Designing and Implementing Views
Before you create a view, consider the following guidelines:
You can create views only in the current database. However, the tables and views referenced by the new view can exist in other databases or even other servers if the view is defined using distributed queries.
View names must follow the rules for identifiers and must be unique for each schema. Additionally, the name must not be the same as any tables contained by that schema.
You can build views on other views. Microsoft SQL Server allows views to be nested. Nesting may not exceed 32 levels. The actual limit on nesting of views may be less depending on the complexity of the view and the available memory.
You cannot associate rules or DEFAULT definitions with views.
You cannot associate AFTER triggers with views, only INSTEAD OF triggers.
The query defining the view cannot include the COMPUTE or COMPUTE BY clauses, or the INTO keyword.
The query defining the view cannot include the ORDER BY clause, unless there is also a TOP clause in the select list of the SELECT statement.
The query defining the view cannot contain the OPTION clause specifying a query hint.
The query defining the view cannot contain the TABLESAMPLE clause.
You cannot define full-text index definitions on views.
You cannot create temporary views, and you cannot create views on temporary tables.
Views, tables, or functions participating in a view created with the SCHEMABINDING clause cannot be dropped, unless the view is dropped or changed so that it no longer has schema binding. In addition, ALTER TABLE statements on tables that participate in views having schema binding will fail if these statements affect the view definition.
If a view is not created with the SCHEMABINDING clause, sp_refreshview should be run when changes are made to the objects underlying the view that affect the definition of the view. Otherwise, the view might produce unexpected results when it is queried.
You cannot issue full-text queries against a view, although a view definition can include a full-text query if the query references a table that has been configured for full-text indexing.
You must specify the name of every column in the view if:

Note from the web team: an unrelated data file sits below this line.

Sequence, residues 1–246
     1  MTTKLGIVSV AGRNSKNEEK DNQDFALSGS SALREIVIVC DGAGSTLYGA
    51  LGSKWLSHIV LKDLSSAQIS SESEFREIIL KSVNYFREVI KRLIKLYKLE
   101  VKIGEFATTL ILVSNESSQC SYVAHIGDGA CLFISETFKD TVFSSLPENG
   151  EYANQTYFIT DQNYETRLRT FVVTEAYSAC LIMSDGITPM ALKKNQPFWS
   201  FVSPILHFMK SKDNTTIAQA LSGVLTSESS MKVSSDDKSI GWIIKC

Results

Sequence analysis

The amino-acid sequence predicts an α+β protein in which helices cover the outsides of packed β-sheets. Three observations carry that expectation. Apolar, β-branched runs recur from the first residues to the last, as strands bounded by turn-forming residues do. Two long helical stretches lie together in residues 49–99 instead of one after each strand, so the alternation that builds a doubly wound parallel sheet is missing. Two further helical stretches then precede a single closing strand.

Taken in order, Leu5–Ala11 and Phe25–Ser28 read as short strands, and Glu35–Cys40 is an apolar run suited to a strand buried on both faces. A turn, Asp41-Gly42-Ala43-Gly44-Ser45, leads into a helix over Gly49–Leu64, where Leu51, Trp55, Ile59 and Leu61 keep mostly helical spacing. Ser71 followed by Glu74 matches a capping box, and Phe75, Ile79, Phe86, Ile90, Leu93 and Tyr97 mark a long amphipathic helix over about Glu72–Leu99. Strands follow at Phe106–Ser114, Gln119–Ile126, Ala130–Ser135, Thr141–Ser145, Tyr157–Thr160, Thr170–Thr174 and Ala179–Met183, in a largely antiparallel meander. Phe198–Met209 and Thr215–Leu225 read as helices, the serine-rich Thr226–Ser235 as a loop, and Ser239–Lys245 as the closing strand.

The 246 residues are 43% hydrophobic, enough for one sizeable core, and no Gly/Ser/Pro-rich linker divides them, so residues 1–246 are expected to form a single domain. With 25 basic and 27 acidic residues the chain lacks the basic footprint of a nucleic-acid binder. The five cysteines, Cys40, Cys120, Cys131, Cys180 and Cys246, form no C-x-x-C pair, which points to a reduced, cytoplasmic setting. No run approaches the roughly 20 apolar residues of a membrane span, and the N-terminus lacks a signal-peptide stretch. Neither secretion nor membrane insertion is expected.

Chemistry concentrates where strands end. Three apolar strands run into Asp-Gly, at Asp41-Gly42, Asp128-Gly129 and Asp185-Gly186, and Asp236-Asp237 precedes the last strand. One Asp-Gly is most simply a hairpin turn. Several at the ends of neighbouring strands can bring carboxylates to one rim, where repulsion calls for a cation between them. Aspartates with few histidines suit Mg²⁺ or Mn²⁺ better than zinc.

Any of the columns in the view are derived from an arithmetic expression, a built-in function, or a constant.
Two or more of the columns in the view would otherwise have the same name (usually because the view definition includes a join and the columns from two or more different tables have the same name).
You want to give any column in the view a name different from the column from which it is derived. (You can also rename columns in the view.) A view column inherits the data type of the column from which it is derived, whether or not you rename it.
This rule does not apply when a view is based on a query containing an outer join, because columns may change from not allowing null values to allowing them.
Otherwise, you do not need to specify column names when creating the view. SQL Server gives the columns of the view the same names and data types as the columns to which the query defining the view refers. The select list can be a full or partial list of the column names in the base tables.
To create a view you must be granted permission to do so by the database owner and, if the view is created with the SCHEMABINDING clause, you must have appropriate permissions on any tables or views referenced in the view definition.
By default, as rows are added or updated through a view, they disappear from the scope of the view when they no longer fall into the criteria of the query defining the view. For example, a query can be created, defining a view that retrieves all rows from a table where the employee's salary is less than $30,000. If the employee's salary is increased to $32,000, then querying the view no longer displays that particular employee because his or her salary does not conform to the criteria set by the view. However, the WITH CHECK OPTION clause forces all data modification statements executed against the view to adhere to the criteria set within the SELECT statement defining the view. If you use this clause, rows cannot be modified in a way that causes them to disappear from the view. Any modification that would cause this to happen is canceled and an error is displayed.
To create a view